• Some universities have put up posters warning against the use of supposedly offensive words and phrases such as “crazy,” “you guys,” “illegal alien,” or “did you lose weight?”

  • The University of California established guidelines for avoiding microaggressions such as “asking an immigrant where she or he is from, encouraging a quiet Asian-American or Latino to speak up, or expressing the opinion that women in America today have the same opportunities as men.”

  • Within the pro-choice movement, pro-abortion rights activists have been asked to “avoid gender-specific language (such as ‘women’) so as to be inclusive to female-bodied individuals who may get pregnant and seek abortions but identify as male or non-binary.”  Likewise, “an abortion rights fundraising event humorously dubbed ‘Night of a Thousand Vaginas’ was met with anger from offended activists who thought it excluded transgender women.”

finally did it.jpg

Certainly, many other similar examples of thought and speech control could be cited. But the question that arises involves the matter where sentiments and actions such as these originate from.

Political Correctness as an Ideological Superstructure

At times, I am asked by leftists why I pay so much attention to this issue when surely my time might be better spent focusing on hate crimes, or other matters that are considered to be more substantive. I do so because the ideological extremism that I just described is presently a rising force in the wider society, concentrated in influential sectors, and gradually becoming part of the elite’s ideological superstructure. In fact, in order to understand the phenomenon that I am presently describing it may be helpful to engage in the intellectual appropriation of certain insights from Marxist theory. According to Marx, all societies have an ideological superstructure that is used to justify the existing society’s dominant institutions. In the ancient world, the superstructure may have been rooted in the idea that the emperor was a descendent of the sun-god. In medieval societies, the divine right of kings served as the superstructure. In modern democracies, the superstructure is derived from the idea that the government is elected by the people. However, Marx argued that beneath this ideological superstructure is a material base that he described as a substructure. The substructure involves certain sectors of the economy or forms of production that are associated with the interests of particular classes.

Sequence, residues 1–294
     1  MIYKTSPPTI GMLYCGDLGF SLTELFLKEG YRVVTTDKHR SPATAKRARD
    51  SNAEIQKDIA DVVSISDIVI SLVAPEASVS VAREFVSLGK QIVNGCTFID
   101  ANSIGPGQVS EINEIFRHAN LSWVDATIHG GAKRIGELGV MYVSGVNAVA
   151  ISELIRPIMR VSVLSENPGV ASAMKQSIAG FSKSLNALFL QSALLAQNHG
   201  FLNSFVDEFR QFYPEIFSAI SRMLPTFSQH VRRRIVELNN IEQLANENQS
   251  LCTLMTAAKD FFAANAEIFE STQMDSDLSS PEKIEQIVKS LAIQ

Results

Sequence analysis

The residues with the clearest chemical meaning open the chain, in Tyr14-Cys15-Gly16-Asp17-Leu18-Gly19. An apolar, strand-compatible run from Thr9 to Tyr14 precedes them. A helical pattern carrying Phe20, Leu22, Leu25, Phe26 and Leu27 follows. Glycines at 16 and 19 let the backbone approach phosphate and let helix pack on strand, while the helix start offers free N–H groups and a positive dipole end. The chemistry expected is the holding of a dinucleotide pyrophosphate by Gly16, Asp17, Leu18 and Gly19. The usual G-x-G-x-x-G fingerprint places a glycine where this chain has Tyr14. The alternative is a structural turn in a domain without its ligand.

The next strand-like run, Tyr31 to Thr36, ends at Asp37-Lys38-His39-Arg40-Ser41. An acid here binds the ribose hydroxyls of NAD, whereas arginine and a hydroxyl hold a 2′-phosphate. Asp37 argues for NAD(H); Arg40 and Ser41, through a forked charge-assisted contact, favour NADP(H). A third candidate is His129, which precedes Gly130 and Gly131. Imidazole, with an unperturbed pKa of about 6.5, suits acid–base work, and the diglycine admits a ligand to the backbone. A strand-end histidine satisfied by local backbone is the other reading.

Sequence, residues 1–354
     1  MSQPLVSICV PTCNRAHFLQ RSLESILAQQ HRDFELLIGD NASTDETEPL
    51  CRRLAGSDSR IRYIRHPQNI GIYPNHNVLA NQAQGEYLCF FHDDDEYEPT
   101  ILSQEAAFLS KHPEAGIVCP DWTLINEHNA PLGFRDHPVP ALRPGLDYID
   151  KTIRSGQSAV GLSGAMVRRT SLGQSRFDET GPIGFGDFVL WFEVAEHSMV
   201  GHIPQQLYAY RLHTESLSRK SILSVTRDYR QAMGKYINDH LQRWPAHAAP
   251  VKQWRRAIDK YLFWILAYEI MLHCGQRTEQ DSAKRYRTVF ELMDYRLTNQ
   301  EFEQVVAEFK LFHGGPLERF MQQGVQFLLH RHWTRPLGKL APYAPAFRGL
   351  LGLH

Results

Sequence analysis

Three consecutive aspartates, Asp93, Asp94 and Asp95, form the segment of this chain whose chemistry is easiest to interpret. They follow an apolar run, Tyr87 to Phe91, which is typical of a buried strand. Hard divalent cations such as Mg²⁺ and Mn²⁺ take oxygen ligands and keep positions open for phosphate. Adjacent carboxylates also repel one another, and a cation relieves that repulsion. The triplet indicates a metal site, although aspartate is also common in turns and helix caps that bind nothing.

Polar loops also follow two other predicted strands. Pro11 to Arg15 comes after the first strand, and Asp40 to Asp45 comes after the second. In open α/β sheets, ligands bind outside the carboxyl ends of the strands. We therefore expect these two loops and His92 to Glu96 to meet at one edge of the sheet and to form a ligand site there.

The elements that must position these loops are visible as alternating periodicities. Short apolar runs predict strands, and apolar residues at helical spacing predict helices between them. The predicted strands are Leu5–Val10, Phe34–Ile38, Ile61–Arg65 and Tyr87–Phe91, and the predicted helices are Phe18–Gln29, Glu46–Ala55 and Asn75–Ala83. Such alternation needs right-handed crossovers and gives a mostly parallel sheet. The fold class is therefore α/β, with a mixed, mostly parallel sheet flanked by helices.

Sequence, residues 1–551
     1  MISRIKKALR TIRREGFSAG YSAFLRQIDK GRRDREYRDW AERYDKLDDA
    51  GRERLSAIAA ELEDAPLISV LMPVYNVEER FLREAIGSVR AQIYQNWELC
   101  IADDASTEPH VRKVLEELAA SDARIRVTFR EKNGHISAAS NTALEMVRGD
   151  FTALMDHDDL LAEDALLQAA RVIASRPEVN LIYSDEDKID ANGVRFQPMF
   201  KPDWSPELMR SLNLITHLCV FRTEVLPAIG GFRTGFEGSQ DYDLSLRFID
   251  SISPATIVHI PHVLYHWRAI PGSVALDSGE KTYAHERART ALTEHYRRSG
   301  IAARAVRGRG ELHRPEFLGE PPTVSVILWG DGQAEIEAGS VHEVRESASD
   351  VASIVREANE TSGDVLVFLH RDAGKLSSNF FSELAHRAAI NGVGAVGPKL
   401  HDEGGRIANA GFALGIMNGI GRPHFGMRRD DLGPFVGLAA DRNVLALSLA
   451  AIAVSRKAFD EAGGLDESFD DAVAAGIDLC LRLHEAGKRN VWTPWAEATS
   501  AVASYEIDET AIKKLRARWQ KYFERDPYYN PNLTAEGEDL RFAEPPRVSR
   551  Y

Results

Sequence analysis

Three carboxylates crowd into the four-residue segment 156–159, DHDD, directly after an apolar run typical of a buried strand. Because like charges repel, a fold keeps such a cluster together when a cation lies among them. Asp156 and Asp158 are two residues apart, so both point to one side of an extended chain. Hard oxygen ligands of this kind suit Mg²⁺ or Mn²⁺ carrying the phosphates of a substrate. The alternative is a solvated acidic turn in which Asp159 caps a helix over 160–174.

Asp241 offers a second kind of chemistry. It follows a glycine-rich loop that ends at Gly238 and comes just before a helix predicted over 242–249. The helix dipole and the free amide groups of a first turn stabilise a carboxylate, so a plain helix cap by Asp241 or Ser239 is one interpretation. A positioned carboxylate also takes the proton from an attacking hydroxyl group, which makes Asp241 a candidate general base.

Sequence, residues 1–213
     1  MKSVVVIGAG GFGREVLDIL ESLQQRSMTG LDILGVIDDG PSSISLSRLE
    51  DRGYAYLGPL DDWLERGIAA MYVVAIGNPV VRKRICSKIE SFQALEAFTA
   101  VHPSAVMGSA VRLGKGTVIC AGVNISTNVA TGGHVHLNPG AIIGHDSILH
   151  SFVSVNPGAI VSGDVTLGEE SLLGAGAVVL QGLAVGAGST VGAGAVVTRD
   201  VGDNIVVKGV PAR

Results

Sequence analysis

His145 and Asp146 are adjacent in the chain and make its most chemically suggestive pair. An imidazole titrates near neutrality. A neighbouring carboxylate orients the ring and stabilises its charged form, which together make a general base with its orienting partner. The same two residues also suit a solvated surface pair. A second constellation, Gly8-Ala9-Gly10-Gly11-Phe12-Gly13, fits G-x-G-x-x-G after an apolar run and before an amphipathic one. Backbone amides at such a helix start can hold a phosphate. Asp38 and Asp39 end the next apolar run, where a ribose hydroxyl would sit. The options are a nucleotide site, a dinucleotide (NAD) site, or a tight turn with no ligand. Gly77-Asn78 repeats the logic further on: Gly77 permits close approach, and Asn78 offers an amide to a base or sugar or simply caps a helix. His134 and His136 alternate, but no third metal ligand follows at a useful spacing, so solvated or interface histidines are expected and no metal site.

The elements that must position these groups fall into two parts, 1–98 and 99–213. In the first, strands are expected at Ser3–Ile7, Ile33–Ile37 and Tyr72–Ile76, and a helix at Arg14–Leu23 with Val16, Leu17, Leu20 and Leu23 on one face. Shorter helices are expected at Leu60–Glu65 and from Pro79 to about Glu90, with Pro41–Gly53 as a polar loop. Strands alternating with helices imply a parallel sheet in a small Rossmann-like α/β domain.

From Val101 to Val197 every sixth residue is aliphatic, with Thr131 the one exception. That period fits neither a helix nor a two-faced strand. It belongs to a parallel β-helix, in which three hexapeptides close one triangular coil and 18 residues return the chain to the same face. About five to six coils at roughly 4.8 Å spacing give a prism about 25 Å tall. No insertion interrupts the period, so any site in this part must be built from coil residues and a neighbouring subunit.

I would suggest that at present there is indeed an ideological superstructure that exists in societies like our own, and that there is a system of enforced conformity to this ideology. The ideological superstructure is what is commonly called “political correctness.” It is also important to understand that political correctness comes in multiple forms. An individual that frequently reads and comments on my work has used an analogy to the Church. We might say that there is a high church liberalism and a low church liberalism. Low church liberals are simply those who sincerely favor equal opportunity in education and employment, being nice to gay people, holds to the “melting pot” view of immigration, or perhaps favor universal healthcare. I know many people like this.

However, there is also a high church liberalism that is obsessed with the eradication of offensive history, promotes concepts such as cultural appropriation and micro-aggressions, insists on calling a manhole a “people hole,” and that takes offense to Halloween costumes, or to the serving of tacos in a university cafeteria. Recently, a representative of the People for the Ethical Treatment of Animals made the claim that milk is a symbol of white supremacy. These are the kinds of people that think it is perfectly fine if a 12 year old undergoes transgender surgery. It should also be acknowledged that there is a far-left and a center-left version of political correctness. The far-left version is represented by the campus protestors, the Antifa, the neo-Maoists, and other representatives of the extreme left. The center-left version is often manifested as a blend of PC culture with the American civil religion or civic nationalism. For example, it will be said that the reason the United States is a great nation is because we have gay marriage.